My exploring life is littered with numerous places I never quite got around to, and then it was too late. Crookham Court is one of those, and I paid the price since this was basically a fail! I’d most seriously intended to go last year when it was seemingly wide open for ages, but I dragged my heels where I’m always busy and then heard it’d been properly secured so forgot about it again. However, last month I’d been up the A34 for a few days and so whilst pondering things I could do on the way home remembered Crookham Court. Naturally a quick search showed that it’d been more accessible a month before, but yet again I was too late! Even so I decided I’d check it out …
There’s a rather dark cloud over Crookham Court, or more specifically its later life as a boarding school.
The current Crookham Court was built in the mid-nineteenth century on the site of a previous manor house that was destroyed by fire. As was frequently the way with grand family mansions, the current building grew over the remainder of the century with several further phases of building. Also as was often the way with such mansions, at some point it stopped being a family home. Given the proximity of RAF Greenham Common, for a while it was a school for the children of the nearby RAF personnel. Whilst most recall Greenham Common’s active use being into the early 1990s, the RAF actually departed in 1964, before the base was resurrected in 1967 by the USAF courtesy of the needs of the Cold War. Likewise post-RAF Crookham Court was resurrected as a independent boarding school for boys.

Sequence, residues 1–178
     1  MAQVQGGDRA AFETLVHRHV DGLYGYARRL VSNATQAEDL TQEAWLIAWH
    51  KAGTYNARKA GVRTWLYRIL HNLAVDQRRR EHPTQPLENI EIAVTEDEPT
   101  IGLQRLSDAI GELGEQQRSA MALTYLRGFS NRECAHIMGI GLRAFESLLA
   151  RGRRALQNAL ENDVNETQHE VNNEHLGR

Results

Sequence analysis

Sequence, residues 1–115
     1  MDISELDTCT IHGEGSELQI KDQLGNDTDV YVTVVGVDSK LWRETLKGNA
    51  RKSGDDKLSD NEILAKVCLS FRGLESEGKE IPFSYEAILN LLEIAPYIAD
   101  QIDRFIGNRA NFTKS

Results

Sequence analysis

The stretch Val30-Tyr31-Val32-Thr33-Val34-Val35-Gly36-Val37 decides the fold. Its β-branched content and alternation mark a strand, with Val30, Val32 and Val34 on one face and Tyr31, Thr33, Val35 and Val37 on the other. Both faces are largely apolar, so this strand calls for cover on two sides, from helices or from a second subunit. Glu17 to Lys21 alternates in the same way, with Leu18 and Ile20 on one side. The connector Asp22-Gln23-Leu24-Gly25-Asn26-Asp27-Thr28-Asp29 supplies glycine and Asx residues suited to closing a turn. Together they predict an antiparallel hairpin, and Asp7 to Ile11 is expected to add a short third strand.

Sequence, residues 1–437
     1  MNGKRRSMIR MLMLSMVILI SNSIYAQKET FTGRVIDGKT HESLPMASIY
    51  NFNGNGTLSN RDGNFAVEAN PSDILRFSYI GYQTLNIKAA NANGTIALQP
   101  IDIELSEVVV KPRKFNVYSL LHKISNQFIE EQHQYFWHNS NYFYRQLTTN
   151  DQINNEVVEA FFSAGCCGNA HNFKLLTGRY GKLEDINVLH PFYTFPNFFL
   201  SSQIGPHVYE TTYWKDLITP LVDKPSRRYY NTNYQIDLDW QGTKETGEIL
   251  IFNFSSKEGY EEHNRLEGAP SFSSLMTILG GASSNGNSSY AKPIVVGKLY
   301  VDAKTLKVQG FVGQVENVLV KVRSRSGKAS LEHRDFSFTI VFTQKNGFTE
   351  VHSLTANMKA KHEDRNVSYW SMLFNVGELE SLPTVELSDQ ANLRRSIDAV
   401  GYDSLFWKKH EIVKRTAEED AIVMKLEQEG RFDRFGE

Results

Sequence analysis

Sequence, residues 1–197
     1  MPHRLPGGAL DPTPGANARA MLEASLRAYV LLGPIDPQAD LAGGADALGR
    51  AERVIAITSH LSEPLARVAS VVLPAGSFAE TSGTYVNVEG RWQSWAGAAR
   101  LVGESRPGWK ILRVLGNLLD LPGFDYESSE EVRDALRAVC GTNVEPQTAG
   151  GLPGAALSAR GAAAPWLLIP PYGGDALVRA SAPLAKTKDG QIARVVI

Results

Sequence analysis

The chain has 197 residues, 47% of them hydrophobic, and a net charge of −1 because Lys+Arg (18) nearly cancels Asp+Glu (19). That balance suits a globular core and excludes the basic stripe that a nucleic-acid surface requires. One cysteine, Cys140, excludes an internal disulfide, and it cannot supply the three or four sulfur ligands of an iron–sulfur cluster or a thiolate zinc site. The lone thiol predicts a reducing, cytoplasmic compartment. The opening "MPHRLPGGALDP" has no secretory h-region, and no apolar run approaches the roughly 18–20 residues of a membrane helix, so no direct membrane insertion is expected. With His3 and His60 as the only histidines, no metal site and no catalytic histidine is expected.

That boarding school was operational from the early 1960s, but in 1988 several cases of child sexual abuse involving staff members came to light. The school featured in a BBC investigation on the programme That’s Life, leading to three members of staff being convicted in 1990, including the owner of the school! The school closed in 1989. Another member of staff was convicted in 2012. Needless to say the school’s notoriety features in several bits of scrawled graffiti.
My approach was pretty amateur to be honest. I took a quick look at the aerials, could see that there were houses by the entrance and actually through the site at the bottom, and so didn’t come in that way. Initially I couldn’t even get near since the road past was closed by the police courtesy of an accident! Ultimately I found somewhere appropriate to park up, and it wasn’t too difficult to find my way from there. The trouble was that main building was still totally sealed up, well certainly to somebody on their own. I did find one possible way in, but it was a drop-down one-way route and even then I suspect blocked once inside, and when you’re on your own you can’t take such risks. So instead I mooched around various outbuildings, and at least got my first smell of exploring in a while. The largest outbuilding had most notably been used as a science classroom which was cool, but with hindsight I totally missed out one end of that building that I reckon was used as a chapel or similar from others’ pictures. The most edgy moment? I approached the outdoor swimming pool, heard a buzz, and suddenly realized I was stood half-a-metre away from a very active wood hornet nest in the wood cladding of a building!
I’d still love to see inside the mansion proper, so next time I’m that way might try my luck again!